Saturday, March 16, 2013

Growing Indebtedness

I have posted here on growing indebtedness and financialization. The table below comes from Duménil and Lévy's recent book The Crisis of Neoliberalism.
As they note (p. 104) in regard to the table, one can see: "the rise of the debts of all US sectors as a percentage of GDP. This growth remained moderate after World War II, from 126 percent in 1952 to 155 percent in 1980, and exploded during the neoliberal decades, up to 353 percent in 2008." Yet, between 1952 and 1980 public sector debt fell from 68 to 37, and the moderate increase was all in private debt. Further, note the explosion of the financial sector debt increasing six-fold in the three decades after 1980. Over the whole period, the financial sector debt as a share of GDP grew by almost 40 times. In their words again: "the indebtedness of the financial sector is a new and spectacular phenomenon, typical of the neoliberal decades."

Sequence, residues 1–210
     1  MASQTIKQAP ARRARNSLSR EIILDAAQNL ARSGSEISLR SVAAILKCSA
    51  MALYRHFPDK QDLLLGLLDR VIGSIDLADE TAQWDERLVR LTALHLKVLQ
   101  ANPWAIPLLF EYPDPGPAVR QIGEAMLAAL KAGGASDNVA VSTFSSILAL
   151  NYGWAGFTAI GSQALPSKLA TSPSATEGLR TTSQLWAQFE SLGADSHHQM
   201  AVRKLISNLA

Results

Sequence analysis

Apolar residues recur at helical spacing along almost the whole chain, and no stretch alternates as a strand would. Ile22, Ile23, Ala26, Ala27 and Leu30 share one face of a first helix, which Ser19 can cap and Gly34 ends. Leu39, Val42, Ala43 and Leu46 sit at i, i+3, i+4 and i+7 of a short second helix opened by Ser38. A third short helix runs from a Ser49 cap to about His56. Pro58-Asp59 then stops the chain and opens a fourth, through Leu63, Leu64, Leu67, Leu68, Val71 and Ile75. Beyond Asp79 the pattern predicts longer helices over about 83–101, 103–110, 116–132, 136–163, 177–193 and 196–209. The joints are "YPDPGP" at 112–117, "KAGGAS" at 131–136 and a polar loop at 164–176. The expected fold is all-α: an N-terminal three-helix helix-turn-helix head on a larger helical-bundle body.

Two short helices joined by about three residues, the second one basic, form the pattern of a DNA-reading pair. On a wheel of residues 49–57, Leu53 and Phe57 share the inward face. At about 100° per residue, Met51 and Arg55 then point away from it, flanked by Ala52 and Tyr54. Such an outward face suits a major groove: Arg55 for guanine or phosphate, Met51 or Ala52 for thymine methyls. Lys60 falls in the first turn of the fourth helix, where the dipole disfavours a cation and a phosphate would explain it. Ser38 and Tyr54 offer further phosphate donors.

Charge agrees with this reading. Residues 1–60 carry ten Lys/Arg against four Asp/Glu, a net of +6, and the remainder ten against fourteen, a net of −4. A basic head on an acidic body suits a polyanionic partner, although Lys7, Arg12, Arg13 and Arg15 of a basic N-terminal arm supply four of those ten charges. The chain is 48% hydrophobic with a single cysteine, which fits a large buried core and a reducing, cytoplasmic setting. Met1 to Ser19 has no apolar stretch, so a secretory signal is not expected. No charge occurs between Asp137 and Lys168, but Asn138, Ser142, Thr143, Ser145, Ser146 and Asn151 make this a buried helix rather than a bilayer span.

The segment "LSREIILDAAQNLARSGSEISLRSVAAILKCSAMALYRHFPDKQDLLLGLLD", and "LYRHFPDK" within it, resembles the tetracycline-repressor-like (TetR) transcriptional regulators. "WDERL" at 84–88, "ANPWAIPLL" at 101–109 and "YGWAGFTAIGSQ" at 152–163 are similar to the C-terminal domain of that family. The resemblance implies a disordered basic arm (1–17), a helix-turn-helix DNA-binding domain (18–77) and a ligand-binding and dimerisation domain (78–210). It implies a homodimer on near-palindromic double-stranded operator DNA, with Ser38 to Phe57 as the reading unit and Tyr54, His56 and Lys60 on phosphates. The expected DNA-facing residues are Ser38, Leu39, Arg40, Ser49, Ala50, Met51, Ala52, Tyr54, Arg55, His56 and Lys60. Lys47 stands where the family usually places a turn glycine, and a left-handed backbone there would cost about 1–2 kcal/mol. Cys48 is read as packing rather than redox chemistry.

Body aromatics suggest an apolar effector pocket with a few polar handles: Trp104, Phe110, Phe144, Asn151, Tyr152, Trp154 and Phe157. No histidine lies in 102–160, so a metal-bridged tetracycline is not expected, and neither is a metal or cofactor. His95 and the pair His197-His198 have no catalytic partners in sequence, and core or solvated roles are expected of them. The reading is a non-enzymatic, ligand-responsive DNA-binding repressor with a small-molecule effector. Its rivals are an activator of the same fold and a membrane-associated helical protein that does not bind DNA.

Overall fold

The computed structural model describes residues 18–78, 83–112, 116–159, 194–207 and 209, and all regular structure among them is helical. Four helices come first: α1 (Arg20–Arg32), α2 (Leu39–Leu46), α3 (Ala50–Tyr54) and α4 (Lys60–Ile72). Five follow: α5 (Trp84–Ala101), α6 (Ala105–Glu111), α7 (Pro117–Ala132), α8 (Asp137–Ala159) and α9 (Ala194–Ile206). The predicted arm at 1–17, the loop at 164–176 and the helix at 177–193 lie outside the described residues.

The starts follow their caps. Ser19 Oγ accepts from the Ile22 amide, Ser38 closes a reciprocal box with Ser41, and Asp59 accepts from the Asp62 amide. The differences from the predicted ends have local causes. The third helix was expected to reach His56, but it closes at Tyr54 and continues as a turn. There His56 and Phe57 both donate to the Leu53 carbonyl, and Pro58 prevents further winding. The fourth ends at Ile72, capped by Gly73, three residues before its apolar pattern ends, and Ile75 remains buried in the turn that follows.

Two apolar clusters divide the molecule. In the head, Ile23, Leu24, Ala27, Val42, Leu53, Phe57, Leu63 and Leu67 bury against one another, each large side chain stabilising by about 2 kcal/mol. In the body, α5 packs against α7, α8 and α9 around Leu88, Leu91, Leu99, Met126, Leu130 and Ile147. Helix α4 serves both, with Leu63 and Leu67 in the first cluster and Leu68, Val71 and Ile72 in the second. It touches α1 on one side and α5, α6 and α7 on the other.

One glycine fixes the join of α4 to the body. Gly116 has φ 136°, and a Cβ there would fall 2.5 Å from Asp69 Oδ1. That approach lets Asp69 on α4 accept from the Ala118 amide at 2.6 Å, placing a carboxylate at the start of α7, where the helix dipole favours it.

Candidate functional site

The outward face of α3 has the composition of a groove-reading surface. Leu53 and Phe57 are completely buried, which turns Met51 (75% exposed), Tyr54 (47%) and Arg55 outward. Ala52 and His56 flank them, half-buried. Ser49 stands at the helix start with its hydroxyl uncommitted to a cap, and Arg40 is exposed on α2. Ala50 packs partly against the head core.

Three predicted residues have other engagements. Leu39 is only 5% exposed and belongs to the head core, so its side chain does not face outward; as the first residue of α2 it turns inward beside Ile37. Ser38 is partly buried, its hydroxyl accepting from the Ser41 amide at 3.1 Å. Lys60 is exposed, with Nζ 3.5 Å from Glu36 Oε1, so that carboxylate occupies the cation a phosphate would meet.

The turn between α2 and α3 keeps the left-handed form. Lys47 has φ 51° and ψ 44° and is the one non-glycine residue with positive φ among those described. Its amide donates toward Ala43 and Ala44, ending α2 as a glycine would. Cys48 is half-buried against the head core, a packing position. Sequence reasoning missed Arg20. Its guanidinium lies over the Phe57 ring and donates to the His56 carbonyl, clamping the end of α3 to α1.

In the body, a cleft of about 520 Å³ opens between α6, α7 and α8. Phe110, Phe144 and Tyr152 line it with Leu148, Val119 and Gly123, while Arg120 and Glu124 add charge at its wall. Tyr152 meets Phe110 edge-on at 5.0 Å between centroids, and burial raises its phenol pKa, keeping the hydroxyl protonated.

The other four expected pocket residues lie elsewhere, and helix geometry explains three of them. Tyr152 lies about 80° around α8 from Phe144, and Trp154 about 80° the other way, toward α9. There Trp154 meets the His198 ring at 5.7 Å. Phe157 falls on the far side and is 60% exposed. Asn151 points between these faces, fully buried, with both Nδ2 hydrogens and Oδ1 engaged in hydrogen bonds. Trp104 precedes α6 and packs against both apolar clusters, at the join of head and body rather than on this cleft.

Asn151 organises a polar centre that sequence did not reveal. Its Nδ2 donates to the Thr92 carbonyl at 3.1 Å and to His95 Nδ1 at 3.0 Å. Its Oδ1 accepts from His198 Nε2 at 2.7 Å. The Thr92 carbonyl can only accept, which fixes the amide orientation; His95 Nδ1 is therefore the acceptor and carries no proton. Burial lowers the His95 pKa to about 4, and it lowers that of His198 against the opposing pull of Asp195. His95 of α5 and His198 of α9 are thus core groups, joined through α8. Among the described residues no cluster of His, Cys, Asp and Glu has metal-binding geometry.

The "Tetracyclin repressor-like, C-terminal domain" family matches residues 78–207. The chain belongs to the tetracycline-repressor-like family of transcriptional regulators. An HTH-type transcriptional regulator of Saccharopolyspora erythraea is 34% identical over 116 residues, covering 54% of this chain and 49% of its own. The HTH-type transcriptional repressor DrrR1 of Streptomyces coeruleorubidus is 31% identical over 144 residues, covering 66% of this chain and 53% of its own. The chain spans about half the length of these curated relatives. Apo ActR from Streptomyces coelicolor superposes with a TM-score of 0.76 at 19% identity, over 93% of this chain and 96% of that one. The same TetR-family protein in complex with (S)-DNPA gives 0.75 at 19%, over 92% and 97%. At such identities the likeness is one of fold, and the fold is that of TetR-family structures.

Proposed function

1. Hello,

    This post raises a question about the relationship between new debt (whether public or private) and GDP growth.

    My understanding, based on reading Lavoie and Alfred Eichner, is that in order to create new expenditure, which is required for GDP or income to grow, there must be new debt. What I can't figure out is how this relationship works in practice in terms of the financial system and why the last two or three decades have seen so much more new debt but less growth in GDP.

    Any thoughts or direction to reading on this subject would be greatly appreciated.



  2. What you need for spending is a stock, which could be debt, or could be simply money. That per se does not imply that debt grows faster than income, so debt-to-GDP ratios could be going up or down. Further, public debt in domestic currency is safer than private debt and that foreign denominated debt. Growth also can be promoted by income redistribution towards workers with higher propensity to consume.


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